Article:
Lake Gol Gol

Project Outline

To provide an allocation of water to Lake Gol Gol to help inform future management decisions and provide an interim respite to drought-impacted vegetation.

Objectives

  • Ground-truth the capacity of the Gol Gol Creek/channel system and determine its effectiveness in delivering environmental water to Lake Gol Gol.
  • Provide an emergency water allocation to severely drought stressed wetland vegetation communities within and fringing the Lake.

The project aimed to deliver ~2500 ML of water to Lake Gol Gol via Gol Gol Creek by gravity feeding and/or by pumping. This volume was anticipated to:

  • inundate approximately 77.5% of the lake bed;
  • extend to the inner circle of fringing River Red Gums falling within the 33.34 – 33.64 mAHD contour levels, and
  • achieve an average depth from 0.3-0.6 m.

This project provided an opportunity to determine the capacity of the Gol Gol Creek/channel and ground-truth past modelling. Information generated will be used to inform future management decisions for the wetlands.

Project Management

The project was initiated following enquiries from the community, in particular the Gol Gol Creek irrigators and the former Murray Darling Wetlands Ltd.

Management of the event was undertaken by the former Department of Environment, Climate Change and Water (now Office of Environment and Heritage) in conjunction with NSW Office of Water, the Gol Gol Creek irrigators and the former NSW Murray Wetlands Working Group.

The project was supported by the former Lower Murray Darling Catchment Management Authority and the local community.

Background Information

Gol Gol wetlands are large freshwater ephemeral systems comprised of Lake Gol Gol and Gol Gol Swamp. Located approximately 7 km north-east of Mildura, on the NSW-side of the Murray River, Lake Gol Gol is 494 ha in size and is situated north-east of Gol Gol Swamp.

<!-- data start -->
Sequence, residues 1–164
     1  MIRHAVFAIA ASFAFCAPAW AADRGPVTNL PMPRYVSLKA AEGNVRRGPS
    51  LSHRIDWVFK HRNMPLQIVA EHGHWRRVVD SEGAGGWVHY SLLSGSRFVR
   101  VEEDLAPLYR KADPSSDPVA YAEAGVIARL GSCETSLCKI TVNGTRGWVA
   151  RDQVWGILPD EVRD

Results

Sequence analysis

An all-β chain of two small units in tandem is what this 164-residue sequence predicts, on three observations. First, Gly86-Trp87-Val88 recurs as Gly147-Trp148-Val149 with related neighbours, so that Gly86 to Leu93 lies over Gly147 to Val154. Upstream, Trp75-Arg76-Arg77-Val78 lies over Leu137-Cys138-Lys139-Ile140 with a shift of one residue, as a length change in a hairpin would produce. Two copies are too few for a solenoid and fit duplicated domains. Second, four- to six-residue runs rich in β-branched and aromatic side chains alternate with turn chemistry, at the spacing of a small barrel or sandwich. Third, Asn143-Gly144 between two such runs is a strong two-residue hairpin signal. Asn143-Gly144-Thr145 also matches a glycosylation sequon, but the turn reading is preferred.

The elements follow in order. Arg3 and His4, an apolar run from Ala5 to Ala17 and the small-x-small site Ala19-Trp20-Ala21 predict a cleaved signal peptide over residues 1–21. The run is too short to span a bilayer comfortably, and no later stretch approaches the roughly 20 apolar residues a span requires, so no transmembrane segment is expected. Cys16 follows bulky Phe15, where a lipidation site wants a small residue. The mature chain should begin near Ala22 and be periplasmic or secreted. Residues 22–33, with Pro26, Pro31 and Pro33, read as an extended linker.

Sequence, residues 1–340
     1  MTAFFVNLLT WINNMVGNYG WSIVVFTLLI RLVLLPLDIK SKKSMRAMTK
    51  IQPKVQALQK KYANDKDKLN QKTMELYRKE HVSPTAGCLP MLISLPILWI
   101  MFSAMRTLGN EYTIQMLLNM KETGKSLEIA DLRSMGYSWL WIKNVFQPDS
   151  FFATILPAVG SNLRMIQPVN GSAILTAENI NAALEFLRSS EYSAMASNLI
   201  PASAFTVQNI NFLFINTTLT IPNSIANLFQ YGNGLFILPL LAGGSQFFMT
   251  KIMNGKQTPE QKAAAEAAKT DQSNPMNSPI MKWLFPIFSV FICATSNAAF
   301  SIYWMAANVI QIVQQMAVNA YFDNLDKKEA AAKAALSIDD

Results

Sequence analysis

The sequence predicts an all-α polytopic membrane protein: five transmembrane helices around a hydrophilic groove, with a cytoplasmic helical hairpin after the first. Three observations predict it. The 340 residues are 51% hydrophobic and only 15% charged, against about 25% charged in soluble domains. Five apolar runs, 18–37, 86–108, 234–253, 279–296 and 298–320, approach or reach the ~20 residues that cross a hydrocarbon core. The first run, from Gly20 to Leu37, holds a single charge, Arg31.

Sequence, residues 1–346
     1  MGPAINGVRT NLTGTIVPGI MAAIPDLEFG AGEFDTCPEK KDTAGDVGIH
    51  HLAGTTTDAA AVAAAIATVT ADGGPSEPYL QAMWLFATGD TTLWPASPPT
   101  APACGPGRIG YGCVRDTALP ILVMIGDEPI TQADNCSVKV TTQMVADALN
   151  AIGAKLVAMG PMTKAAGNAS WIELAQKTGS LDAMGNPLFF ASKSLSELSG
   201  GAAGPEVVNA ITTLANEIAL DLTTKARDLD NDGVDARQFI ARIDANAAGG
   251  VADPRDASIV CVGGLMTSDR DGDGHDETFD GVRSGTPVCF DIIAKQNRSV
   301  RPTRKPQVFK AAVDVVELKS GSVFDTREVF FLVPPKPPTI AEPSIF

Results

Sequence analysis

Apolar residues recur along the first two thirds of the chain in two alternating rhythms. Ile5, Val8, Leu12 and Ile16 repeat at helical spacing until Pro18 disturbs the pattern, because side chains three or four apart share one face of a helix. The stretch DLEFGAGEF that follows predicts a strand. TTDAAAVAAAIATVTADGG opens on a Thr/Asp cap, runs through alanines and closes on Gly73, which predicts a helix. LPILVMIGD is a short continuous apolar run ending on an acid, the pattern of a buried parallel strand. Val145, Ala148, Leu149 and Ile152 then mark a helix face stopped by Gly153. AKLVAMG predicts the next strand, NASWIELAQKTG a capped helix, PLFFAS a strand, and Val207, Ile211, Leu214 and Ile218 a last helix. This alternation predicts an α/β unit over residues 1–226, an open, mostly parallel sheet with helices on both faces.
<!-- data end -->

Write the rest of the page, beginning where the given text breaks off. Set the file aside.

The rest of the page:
Aerial view of Lake Gol Gol (14 December 2010)

Prior to development, the Gol Gol wetlands would have received floodwaters from the Murray River via Gol Gol Creek. Since the 1950s, a number of flow control structures have been installed along Gol Gol Creek. The Gol Gol wetlands have been disconnected from the Murray River for a number of years. The last significant flooding of Lake Gol Gol occurred during the 1974 and 1975 flood events. In 1990, the southern lobe of the wetland was flooded for experimental purposes.

In addition to the lack of flooding, the wetlands are subject to groundwater salinity issues caused primarily by the operation of the Mildura weir pool.

Recent investigative studies indicated that future rehabilitation projects should concentrate on Lake Gol Gol, over Gol Gol Swamp, due to its vegetation being in a comparatively better condition.

Water Volume and Source

A total of 2500 ML was allocated and the water used was sourced from unregulated flows declared in NSW within the Murray River between the Murrumbidgee Junction and Wentworth reach between October and December 2010.

Lake Gol Gol before watering event

After watering event; note positive response of overstorey and understorey vegetation

Project Outcomes

  • Water delivery into Lake Gol Gol was conducted between 6 October and 10 December 2010.
  • Between 2500 and 2600 ML of water was diverted into the Lake. Flow rates into the lake averaged 46 ML/d.
  • High water mark mapping indicated that the water level reached between the 33.5-34.0 mAHD level, which equates to approx. 77% of the lake bed surface.
  • Water quality readings were within accepted ANZECC ranges. Outbreaks of blue-green algae were noted during the project.
  • River Red Gum, Black Box and River Cooba trees have shown a positive response to the watering through growth of new foliage. Very little aquatic vegetation has been noted to date.
  • Up to 50 bird species were observed at the Lake, including a juvenile Sea Eagle (this species is not commonly found in this area).
  • Common carp (Cyprinus carpio) was the only species of fish found in the Lake following inundation.
  • Groundwater levels in some bore wells have risen but may not be solely attributable to the watering of Lake Gol Gol. Higher flows within the Murray River plus heavy rainfall events are likely to have contributed to elevated levels.
  • The watering event received local media coverage.

Photo credits: Paula D’Santos and Sascha Healy (OEH, Buronga)